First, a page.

'Synthetic pot' laced with rat poison lands people in the ER
Using "synthetic pot" is rolling the dice with your health, experts warn, pointing to a healthy 26-year-old woman who ended up in the ER after smoking a batch laced with rat poison.
Synthetic pot is created in a lab. It's supposed to safely mimic marijuana by targeting the same cannabinoid receptors as the real thing.
But the unregulated chemical composition of fake weed can be a toxic crap shoot, experts say. And for the 26-year-old Illinois woman who took that gamble, luck was not on her side.
"This woman's specific experience was pretty rare in the grand scheme of things," said study lead author Dr. Arkady Rasin, a toxicology fellow with the Toxikon Consortium in Chicago.
The synthetic pot she smoked—branded "Matrix"—was laced with a rat-killing blood-thinner more powerful and longer-lasting than warfarin, a medication prescribed to prevent blood clots in heart patients. Smoking Matrix triggered two days of heavy mucous membrane and menstrual bleeding that required a transfusion, costly medication and six days in the hospital.
"It is unclear why this happened, who laced the drugs, and where in the manufacturing and distribution step this occurred," Rasin said.
But this was not an isolated incident, he added. The woman was part of a nationwide outbreak of about 300 cases that started in Illinois in 2018 and spread to other states. Five people died.
How rat poison found its way into synthetic pot is still being investigated.
"There is no clear reason that we can identify," Rasin noted. "There is no evidence that it actually makes the drugs stronger or different, and we have never had an outbreak like this."
These synthetics share a big risk with most illicitly produced drugs: A customer never knows what he or she is actually buying, if products may be tainted or errors were made during manufacturing.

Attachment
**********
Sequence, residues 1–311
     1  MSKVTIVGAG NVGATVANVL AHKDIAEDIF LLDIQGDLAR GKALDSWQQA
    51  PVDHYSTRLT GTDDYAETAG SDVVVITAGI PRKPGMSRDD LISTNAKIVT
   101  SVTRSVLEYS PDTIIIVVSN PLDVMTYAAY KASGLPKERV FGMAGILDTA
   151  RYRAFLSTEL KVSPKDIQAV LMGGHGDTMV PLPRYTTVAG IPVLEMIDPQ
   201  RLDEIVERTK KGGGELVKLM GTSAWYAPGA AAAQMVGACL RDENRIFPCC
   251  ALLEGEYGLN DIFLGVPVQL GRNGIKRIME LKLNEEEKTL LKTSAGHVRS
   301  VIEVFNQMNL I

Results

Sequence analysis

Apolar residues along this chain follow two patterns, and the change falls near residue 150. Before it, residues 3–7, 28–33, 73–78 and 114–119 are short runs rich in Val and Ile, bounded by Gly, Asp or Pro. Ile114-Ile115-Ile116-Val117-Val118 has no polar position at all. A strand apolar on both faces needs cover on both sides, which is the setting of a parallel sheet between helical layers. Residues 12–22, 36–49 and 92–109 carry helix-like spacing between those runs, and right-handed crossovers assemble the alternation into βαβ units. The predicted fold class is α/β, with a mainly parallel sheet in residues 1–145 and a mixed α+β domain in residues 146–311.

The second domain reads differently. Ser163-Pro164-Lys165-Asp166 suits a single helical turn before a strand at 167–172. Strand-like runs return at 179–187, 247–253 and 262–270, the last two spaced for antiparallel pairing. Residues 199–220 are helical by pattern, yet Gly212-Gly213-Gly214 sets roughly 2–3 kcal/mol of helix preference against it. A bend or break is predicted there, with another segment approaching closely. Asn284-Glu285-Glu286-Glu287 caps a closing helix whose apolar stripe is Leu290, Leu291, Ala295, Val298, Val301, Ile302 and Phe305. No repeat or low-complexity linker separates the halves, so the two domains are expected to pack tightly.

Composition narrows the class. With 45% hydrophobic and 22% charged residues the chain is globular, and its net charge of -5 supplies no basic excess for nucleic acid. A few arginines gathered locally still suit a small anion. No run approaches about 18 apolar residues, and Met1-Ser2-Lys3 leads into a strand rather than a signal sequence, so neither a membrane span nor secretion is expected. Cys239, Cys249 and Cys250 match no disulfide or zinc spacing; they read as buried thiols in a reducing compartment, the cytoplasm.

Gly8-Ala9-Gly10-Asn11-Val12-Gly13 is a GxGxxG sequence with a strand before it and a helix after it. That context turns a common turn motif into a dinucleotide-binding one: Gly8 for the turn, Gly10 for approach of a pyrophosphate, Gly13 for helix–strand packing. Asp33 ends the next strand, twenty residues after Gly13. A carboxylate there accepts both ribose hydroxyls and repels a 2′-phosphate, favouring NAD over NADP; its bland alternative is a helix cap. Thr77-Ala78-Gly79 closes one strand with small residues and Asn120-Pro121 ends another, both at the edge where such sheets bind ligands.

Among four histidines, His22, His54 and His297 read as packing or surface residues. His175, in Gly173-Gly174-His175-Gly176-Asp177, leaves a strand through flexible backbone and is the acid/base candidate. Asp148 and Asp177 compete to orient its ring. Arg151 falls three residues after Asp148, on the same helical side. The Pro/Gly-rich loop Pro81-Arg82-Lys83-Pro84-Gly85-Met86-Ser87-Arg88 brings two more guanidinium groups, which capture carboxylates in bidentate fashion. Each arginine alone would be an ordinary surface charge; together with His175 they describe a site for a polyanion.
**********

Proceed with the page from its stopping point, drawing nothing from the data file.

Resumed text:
And Rasin said that's the case with fake pot, despite efforts to foster brand loyalty with hip names like "Spice," "Bliss," "Skunk" and "K-2."
"Users cannot even rely on a certain brand or dealer, because dealers change their suppliers, there is no guarantee of any quality control, and the brand on the packaging seems to be random and not indicative of the specific product inside," he said.
Ultimately, he said, synthetic pot fails to deliver on its purpose—and its promise. Fake weed was developed for pharmaceutical research—created to mimic effects of marijuana in the hope of finding a legitimate therapeutic use. That never panned out.
And illegal manufacturing has led to an ever-changing menu of chemical recipes. The upshot: While some people use fake pot to skirt workplace drug testing, the pot-like high that they are chasing is also unlikely to pan out, Rasin said.
That thought was seconded by Dr. Eric Lavonas, a spokesman for the American College of Emergency Medicine.
"Pot is a plant," he said. "Synthetic pot is not. People have a decent idea where marijuana is grown. Synthetic pot is just chemicals made in factories, typically in China."
The compounds vary from batch to batch, and often look and act "a lot more like meth or cocaine than marijuana," Lavonas said.
"Sometimes you'll get a mellow high, and other times you'll end up running down the street screaming naked," he said.
As for the young woman, her doctors were aware of the local outbreak and were able to diagnose and stop her bleeding within 24 hours, using high doses of a pricey and often hard-to-come-by clotting supplement.
The rat poison she consumed can thin blood for months, doctors said, requiring prolonged treatment and outpatient monitoring. Unfortunately, the patient moved out of state two months after the incident and her current condition is unknown.
Rasin and his colleagues reported on her case in the Aug. 27 online edition of the Annals of Internal Medicine.
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